As most small fintechs are young businesses, this type of organisation has a clear advantage over legacy enterprises – their cloud-based set-up makes it easier to scale. The core features of the business fall to established team members, and teams often recruit for new hires in order to mine the data and generate insights. But here is where the bottleneck often lies. 

Without an established tool or process to instantly access the data required, it can become overwhelming for new hires to develop their own methodology, taxonomy and process. Let alone keep up with all of the data access requests. 

This is where Drive offers tangible benefits. 

It offers a tool that automatically accesses the data that teams need, and presents it without requiring manual sifting or sorting. Drive eliminates the need to test and create these new processes, which instantly boosts productivity across the organisation. 

Moreover, high quality, reliable insights enable small fintech businesses to work at the capacity that suits them, scaling when necessary. Jakub estimates that with increasing data sets and growing numbers of requests, data departments can be at least 25% more productive, accelerating growth while keeping cost at bay.

Understanding Drive’s potential impact on mid-sized institutions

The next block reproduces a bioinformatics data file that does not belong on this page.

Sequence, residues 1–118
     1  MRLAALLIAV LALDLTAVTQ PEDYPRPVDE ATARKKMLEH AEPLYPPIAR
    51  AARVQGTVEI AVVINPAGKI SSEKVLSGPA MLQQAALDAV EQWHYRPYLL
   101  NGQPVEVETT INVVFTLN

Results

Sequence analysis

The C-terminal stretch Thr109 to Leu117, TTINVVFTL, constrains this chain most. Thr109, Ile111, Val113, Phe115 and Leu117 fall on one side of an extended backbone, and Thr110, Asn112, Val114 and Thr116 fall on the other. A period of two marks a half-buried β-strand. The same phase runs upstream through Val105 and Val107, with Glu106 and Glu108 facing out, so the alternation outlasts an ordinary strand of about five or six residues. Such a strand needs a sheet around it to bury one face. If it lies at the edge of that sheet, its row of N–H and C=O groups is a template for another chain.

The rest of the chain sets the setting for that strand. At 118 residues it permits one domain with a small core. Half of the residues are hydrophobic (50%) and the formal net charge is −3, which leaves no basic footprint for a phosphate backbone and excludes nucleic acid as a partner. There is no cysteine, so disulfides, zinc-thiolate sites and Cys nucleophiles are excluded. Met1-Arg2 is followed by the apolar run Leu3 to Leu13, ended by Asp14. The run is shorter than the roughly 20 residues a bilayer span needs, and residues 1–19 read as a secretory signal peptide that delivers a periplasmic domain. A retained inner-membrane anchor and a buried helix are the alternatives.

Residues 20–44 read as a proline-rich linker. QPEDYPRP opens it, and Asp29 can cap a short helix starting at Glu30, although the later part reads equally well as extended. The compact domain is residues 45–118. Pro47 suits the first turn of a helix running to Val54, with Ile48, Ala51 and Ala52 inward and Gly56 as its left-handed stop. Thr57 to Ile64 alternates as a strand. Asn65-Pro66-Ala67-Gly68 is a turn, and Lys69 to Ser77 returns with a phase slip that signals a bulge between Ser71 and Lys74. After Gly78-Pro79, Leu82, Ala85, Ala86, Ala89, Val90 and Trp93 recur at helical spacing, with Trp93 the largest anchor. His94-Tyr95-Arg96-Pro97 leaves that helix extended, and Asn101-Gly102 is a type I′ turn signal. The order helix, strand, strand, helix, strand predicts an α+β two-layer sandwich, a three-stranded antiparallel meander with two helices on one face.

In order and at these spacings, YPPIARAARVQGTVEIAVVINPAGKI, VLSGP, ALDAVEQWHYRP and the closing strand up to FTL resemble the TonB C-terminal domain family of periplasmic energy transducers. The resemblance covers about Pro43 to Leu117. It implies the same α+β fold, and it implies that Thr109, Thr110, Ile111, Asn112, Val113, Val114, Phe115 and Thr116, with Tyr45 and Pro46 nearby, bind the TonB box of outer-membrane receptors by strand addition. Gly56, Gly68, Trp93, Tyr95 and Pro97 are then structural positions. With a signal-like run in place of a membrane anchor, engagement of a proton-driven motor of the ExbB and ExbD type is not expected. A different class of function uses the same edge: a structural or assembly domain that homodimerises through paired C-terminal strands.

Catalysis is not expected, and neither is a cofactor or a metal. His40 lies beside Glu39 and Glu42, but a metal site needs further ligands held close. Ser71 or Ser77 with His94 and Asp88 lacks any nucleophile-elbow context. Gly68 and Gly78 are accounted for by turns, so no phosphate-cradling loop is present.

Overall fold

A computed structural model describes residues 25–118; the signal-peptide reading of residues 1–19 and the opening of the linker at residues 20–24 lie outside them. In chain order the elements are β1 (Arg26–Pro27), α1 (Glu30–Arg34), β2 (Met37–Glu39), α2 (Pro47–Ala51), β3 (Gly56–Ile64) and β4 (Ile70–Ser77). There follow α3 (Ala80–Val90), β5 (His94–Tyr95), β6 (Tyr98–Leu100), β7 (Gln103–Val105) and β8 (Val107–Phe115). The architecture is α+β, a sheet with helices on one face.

The term ‘mid-sized’ institutions is often misleading, because these are often very well-established companies that work with hundreds of thousands of customers internationally. These companies have not scaled to enterprise level (yet) –  but with Drive, they could get there. 

Jakub has found that the typical set-up at medium-sized institutions involves at least 50 dedicated data scientists, engineers and analysts. Often using a mix of third party vendor systems and in-house processes, these organisations require incredible co-ordination as data travels from one source to another – creating the need for ad-hoc requests that ultimately result in bottlenecks. 

The key challenge for stakeholders in these organisations is that this manual workaround for data retrieval creates an underestimated level of extra work. For example, the retrieval of data, its classification and reports might require manual transfer between five different systems. 
Here, the impact of Drive is evident: it could simply replace the existing infrastructure, transforming medium-sized institutions from evolved legacies to modern, cloud-based systems. 

In fact, Jakub estimates that the combined personnel, software and hardware eliminations could easily lead to seven-figure savings.